This reprinted collection concludes, as mentioned above, with Hull's one-trick manuscript of Supreme Mental Discernment. The 10 detailed pages of description do a worthy job of exploring what is 'n essence Dai Vernon's "Out of Sight, Out of Mind." While Mr. Racherbaumer's fore-word includes late descriptions of the Vernon trick as part of a select list of references, it is important to note that this is actually Hull's take on and reportage of Vernon's trick, and this description was the latest of a number of versions that Hull described. In the original manuscript, Mental Discernment (circa 1930), Hull wrote, "The originator of the experiment invariably gains the information, as many will testify who have seen him perform it." Note that he did not phrase this in the first person, despite the fact that in his writings (and throughout the Eye Opener manuscripts) he routinely referred to his own experience performing the trick being described; in "Mental Discernment" he also continued to refer to the "performer" in the third person as "he," and also to the "originator" throughout the description, a wording he eventually veered away from in the later version reprinted here by Mc Gordon. In his subsequent set of revised instructions, Hull continued to refer specifically to "the originator," stating that "The originator knows of no one who has been able to figure out the principle involved," and "The originator of this feat has performed this hundreds of times with perfect success." In the revised instructions Hull changed this slightly to read, "The writer has performed this hundreds of times and has never been detected," now referring to himself as the writer, but not as the originator. And then in Hull's Mental Discernment Improved, Hull continued to refer to the originator, clearly as someone other than himself.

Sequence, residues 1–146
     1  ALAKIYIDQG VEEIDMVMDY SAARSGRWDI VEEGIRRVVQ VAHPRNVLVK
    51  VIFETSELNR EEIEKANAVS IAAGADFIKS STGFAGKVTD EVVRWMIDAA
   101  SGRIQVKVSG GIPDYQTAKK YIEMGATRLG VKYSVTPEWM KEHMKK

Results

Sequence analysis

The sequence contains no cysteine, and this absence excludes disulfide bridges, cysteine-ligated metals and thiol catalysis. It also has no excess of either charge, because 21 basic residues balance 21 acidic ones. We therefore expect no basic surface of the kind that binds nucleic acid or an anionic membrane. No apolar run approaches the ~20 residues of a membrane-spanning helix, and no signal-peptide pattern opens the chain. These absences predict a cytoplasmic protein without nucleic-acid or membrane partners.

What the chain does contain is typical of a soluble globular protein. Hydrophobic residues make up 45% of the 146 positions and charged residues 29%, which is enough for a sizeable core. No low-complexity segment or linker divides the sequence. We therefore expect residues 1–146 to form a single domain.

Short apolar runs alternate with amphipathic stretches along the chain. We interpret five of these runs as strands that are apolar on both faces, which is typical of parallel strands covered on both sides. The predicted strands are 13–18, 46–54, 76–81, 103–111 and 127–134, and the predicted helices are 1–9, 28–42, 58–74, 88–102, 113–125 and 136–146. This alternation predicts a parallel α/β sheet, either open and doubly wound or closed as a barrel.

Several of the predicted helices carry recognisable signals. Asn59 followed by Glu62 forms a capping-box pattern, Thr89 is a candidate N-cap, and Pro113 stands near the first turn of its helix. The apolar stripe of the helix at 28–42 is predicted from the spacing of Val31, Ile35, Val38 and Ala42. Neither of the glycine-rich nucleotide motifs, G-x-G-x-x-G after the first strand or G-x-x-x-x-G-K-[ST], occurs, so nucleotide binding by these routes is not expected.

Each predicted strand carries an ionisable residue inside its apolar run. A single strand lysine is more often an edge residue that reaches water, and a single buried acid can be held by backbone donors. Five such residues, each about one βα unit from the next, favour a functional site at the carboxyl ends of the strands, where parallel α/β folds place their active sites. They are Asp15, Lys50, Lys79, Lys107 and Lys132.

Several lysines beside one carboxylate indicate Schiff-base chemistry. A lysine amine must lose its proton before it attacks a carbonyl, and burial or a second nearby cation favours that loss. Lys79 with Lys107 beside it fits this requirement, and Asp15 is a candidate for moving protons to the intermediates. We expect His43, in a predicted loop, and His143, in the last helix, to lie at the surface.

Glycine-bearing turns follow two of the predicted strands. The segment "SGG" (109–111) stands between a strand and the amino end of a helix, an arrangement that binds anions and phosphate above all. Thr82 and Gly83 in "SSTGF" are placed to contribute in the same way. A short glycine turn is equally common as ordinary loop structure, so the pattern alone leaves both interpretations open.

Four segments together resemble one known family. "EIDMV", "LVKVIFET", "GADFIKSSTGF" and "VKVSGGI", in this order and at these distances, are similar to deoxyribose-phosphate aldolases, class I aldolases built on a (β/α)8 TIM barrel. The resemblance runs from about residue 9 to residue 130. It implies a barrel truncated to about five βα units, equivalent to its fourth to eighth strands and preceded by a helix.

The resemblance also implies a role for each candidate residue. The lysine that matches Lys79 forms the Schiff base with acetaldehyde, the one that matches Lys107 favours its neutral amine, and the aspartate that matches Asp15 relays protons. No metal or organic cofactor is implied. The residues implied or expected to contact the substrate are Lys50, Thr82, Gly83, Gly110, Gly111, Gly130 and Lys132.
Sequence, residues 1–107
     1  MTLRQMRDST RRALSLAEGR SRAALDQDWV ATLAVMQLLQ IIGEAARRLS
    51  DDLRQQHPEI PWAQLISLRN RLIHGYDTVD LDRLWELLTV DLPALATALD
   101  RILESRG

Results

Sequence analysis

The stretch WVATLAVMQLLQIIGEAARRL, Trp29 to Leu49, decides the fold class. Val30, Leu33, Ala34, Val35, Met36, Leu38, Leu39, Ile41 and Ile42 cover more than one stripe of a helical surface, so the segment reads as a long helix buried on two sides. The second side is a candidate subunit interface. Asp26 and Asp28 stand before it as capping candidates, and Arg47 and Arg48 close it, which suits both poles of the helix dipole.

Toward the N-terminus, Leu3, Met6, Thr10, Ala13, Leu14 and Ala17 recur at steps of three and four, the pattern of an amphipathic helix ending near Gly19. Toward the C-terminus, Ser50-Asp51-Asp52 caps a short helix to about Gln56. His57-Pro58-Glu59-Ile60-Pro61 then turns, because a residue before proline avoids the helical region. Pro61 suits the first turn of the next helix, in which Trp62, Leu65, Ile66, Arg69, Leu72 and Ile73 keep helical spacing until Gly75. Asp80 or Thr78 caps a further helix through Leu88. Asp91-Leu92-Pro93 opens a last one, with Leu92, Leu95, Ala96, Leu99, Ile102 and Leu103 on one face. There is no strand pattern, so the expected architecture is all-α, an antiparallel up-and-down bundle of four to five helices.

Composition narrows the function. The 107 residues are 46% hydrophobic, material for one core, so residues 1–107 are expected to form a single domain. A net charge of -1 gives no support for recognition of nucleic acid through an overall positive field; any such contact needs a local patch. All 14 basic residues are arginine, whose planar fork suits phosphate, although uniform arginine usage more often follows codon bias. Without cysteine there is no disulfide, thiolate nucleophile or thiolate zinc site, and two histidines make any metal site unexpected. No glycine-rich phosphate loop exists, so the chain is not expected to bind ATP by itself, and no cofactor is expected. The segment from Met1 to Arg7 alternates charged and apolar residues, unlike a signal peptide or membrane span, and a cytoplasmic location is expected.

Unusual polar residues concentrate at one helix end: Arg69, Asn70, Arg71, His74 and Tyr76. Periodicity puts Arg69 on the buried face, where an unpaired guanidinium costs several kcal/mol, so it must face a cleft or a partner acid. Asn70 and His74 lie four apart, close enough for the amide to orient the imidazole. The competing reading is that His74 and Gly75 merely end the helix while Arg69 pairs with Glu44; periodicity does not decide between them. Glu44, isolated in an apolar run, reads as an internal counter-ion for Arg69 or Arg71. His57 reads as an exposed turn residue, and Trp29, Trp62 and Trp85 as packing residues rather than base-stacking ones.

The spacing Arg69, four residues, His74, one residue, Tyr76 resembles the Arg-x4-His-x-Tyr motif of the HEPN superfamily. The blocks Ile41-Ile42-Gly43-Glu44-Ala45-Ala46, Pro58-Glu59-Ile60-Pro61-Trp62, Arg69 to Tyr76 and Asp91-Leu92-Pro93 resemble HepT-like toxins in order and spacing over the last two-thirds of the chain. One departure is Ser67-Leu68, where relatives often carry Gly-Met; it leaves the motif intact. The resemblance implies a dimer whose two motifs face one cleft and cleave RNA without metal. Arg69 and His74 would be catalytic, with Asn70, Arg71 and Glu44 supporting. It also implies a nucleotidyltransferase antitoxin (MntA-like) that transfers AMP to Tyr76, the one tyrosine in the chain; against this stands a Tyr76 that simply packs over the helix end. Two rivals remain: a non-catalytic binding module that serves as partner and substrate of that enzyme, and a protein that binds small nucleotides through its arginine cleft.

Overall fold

That mysterious "originator" was of course Dai Vernon, and reports of Vernon's early experiments along these lines reached Max Holden's column in The Sphinx which many magicians (including Charlie Miller) watched closely in an attempt to discern Vernon's creations as early as 1927. (Indeed, David Ben informs me of an unpublished letter to Charles Maly, dated March of that same year, reporting on Vernon's performance of the effect before several magicians attending a recent S.A.M. convention, likely the same place Holden first witnessed the trick.)

Indeed, in this later version at hand, Hull begins his description as follows: "This is not a trick in the real sense of the word. Rather it consists of an ingenious method of learning the name of a card mentally selected by any member of your audience, without any knowledge on the part of this person, or anyone else that this knowledge has been imparted to you." That is a perfect description of the essence of Vernon's distinctive breakthrough, which Vernon and Hull, among others subsequently continued to explore. The actual procedure of how to begin the trick that is, precisely how the selection is made and how to reveal the selection at the conclusion, is invariably up for grabs. But the concept of the method what Mr. Racherbaumer proposes be dubbed "Restricted Choice, combined with Strategic Elimination" is pure Vernon, inspired, as was often the case, by Erdnase and as good an example of his original genius, and lasting impact, as any.

The Complete Eye Openers plus Supreme Mental Discernment • R. W. Hull • 8" x 10" saddle-stitched • 95 pages • illustrated with 14 photographs • 1932, 1933, 2006 • Natzler Enterprises